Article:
Southern Peninsula News 20 April 2021

Page 6


BEACH users at McCrae say the dredging process being used to “renourish” the sand is harmful to the environment and unlikely to be a long term solution to sand.

Denial over ‘threat’ to marine life Keith Platt THE Department of Environment, Land, Water and Planning says methods of using 20,000 cubic metres of dredged sand to replenish McCrae beach are designed “to avoid impacting any marine values and coastal vegetation”. “Our marine biodiversity and natural environment team experts have confirmed there are no specific concerns relating to the project with regards to land-based coastal vegetation, the reef, or the plants and animals that inhabit it,” DELWP Port Phillip regional di-

rector Stephen Chapple said. However, long time beach users report that marine creatures are being “shredded” by the DELWP’s dredging machines. “Some stingrays miraculously made it through the muncher with a wing missing - to be met by hungry seagulls when they were unceremoniously flung out of the pipe,” Julie Davey said. “This concoction of sand and sea creatures deposited on our beautiful McCrae beach to a level with the car park, is already disappearing. After less than a fortnight one third of the sand has been reclaimed by the sea.”

Virginia Richardson, of Dromana, in a letter trying to enlist the help of Flinders MP Greg Hunt, said residents’ concerns had increased after on-site meetings “discuss options to reduce negative impacts” with Mr Chapple, state MP for Nepean Chris Brayne and Mornington Peninsula Shire’s Cr Debra Mar. “Unfortunately, we were met with extreme hostility, a reluctance to consider any of our concerns, and a refusal to stop the works,” Ms Richardson told Mr Hunt. Ms Davey said regular beach walkers “knew this would happen”. “The

‘No charge’ green waste event

MEMBERSHIP OF THE CAPEL SOUND FORESHORES COMMITTEE OF MANAGEMENT Nominations are being sought from the community for membership of a Committee of Management that will manage the foreshore reserve between Tootgarook and Rosebud West. The Committee is responsible for the day to day management, care and protection of the foreshore reserves on behalf of both the local community and the wider Victorian community.

Tidy up your garden and dispose of your green waste free of charge. Remember to stay COVID-safe and keep 1.5m away from anyone not in your group. Expect some delays.

Handy hints:

Proof of residency is required to dispose of green waste for no charge at this event. (E.g. your driver’s licence with your current address or a current rate notice.)

• Delays may occur at the beginning and end of each day • Mornington can accept a maximum of three cubic metres per trip • Tyabb has less waiting time • You can opt-in to receive a 240 litre fortnightly kerbside green waste bin collection (paid) if you live in the ‘urban area’ of the Peninsula.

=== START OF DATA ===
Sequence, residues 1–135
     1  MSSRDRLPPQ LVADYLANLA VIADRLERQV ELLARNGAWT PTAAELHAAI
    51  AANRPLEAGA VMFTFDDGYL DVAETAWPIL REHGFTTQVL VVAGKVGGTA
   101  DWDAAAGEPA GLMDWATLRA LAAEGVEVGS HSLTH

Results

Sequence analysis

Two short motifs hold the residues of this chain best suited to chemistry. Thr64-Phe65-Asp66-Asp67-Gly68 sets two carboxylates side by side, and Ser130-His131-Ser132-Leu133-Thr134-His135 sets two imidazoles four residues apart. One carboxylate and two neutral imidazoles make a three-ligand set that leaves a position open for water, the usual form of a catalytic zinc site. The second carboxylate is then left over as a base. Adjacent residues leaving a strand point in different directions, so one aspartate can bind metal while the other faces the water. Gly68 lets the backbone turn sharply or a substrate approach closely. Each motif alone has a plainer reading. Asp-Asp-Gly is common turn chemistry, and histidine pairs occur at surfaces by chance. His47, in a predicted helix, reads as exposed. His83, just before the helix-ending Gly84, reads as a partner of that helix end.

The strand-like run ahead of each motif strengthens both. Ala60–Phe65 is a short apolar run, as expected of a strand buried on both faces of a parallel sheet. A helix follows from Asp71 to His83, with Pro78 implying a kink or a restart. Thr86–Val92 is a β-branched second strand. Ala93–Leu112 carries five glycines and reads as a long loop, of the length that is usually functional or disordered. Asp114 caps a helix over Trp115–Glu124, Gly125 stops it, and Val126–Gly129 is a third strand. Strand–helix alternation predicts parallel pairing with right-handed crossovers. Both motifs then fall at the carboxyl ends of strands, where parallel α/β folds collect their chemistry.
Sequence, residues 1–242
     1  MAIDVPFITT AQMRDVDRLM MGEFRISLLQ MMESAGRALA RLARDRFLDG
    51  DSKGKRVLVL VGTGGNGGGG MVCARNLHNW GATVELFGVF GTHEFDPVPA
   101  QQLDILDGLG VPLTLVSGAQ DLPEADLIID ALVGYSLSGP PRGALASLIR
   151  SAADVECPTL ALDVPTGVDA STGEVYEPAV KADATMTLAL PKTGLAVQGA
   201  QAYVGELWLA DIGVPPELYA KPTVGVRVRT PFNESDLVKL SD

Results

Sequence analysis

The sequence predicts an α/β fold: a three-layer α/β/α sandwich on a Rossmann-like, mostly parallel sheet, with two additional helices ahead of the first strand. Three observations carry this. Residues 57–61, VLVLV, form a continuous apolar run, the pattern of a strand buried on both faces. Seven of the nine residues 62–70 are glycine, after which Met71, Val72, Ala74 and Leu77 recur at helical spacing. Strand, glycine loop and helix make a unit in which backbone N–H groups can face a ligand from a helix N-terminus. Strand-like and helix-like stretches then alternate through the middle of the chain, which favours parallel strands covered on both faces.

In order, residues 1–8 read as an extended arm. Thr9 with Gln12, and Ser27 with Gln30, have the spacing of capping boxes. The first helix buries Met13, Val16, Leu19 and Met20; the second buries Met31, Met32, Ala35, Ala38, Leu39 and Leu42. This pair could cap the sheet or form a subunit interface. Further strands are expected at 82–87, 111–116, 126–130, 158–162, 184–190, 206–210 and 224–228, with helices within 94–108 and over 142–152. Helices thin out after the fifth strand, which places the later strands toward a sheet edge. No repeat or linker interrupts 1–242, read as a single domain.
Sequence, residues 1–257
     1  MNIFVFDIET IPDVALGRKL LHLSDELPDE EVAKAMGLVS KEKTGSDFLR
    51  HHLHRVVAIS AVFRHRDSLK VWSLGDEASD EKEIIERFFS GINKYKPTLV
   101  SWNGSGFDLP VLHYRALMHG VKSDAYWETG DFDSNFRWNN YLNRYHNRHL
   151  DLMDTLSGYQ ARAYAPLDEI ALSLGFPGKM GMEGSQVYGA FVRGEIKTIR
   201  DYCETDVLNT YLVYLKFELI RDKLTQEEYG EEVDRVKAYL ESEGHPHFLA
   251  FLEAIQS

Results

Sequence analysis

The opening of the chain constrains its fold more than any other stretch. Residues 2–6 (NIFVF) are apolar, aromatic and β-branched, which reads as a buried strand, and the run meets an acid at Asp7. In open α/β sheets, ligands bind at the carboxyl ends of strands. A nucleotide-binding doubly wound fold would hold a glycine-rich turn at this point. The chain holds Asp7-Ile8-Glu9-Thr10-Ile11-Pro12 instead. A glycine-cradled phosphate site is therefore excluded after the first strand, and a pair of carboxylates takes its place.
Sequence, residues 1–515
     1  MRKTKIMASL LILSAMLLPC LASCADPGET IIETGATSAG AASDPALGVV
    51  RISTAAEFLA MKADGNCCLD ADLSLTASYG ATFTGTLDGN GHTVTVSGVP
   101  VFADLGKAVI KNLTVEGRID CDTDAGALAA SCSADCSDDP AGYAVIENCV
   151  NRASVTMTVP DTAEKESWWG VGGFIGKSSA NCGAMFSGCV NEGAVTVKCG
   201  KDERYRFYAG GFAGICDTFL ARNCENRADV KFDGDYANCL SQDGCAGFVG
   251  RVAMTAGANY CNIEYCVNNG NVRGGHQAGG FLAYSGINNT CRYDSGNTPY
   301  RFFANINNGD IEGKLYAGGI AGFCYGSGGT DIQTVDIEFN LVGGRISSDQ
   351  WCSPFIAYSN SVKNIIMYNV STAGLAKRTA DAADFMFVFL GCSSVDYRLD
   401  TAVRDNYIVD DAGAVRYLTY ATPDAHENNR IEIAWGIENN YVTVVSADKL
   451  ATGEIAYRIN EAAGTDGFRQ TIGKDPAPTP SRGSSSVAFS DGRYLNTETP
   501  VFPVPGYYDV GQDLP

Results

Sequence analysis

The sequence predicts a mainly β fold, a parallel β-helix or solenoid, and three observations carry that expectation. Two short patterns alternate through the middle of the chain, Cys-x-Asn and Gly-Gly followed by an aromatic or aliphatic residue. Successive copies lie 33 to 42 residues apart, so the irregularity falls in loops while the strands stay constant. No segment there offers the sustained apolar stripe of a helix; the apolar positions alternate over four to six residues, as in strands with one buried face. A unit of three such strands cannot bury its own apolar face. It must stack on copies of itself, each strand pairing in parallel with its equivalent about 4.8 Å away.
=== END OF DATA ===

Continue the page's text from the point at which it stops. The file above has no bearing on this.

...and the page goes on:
Opening hours

Rye Truemans Road Tyabb McKirdys Road Mornington Watt Road

Monday – Friday Saturday/Sunday

No commercial vehicles or commercial green waste will be accepted.

2019 renourishment assessment of 64 Port Phillip beaches “ranked McCrae as one of the highest priorities, relating to the need to protect public infrastructure”. “There is an annual loss of sand from west to east along both Dromana and McCrae beaches due to the dominant southerly summer winds, resulting in foreshore erosion,” Mr Chapple said. “DELWP has designed and implemented the work at McCrae Beach to avoid impacting any marine values and coastal vegetation.” Mr Chapple said DELWP had obtained all necessary permits.


Friday 30 April - Sunday 2 May 2021

Green waste includes all types of garden waste and untreated timber.

same thing happened in Dromana a few years ago with a repeat performance recently. “They muddied our swimming water over the best part of summer but ,most importantly, there is a huge cost in terms of marine life and dollars for this nonsense.” Ms Davey feared that the “currently unstable wall of sand” was a safety threat to children. Ms Richardson said “expert advice” provided to residents “strongly suggests otherwise” to the DELWP’s claim to be not harming the environment. Mr Chapple told The News that a

This is a unique opportunity to become actively involved in management of a highly significant area of coastal reserve. Volunteering plays a significant part in our community and the value of volunteering cannot be underestimated. This is a volunteer position with a requirement to attend regular meetings as well as allocate some personal time as required. Whilst the following knowledge and skills would be beneficial when considering an application, anyone with a genuine interest in foreshore management is encouraged to apply. Knowledge • Knowledge of the local natural environment and/or existing foreshore facilities • Knowledge of Coastal ecology • Volunteering environment • Aboriginal and cultural heritage • Tourism & promotion • Team / committee environment • Town Planning / Environmental management

Skills • Committee administration and procedures • Public speaking • Property & Asset management • Written & oral communication skills • Interpersonal skills • Ability to interpret documents/legislation • Business management and/or commercial experience

All registrations of interest will be considered.

5950 1000


Southern Peninsula News

21 April 2021

Further information and nomination forms are available from the Department of Environment, Land, Water and Planning from Sarah Wordsworth on 0438 427 526 or email: Expressions of Interest are to be addressed to: Sarah Wordsworth, Land and Built Environment Program Officer Department of Environment, Land, Water and Planning and sent via email at: by close of business Friday 30th April 2021 Customer Service Centre 136 186


For more information

8am – 4pm 8am – 5pm

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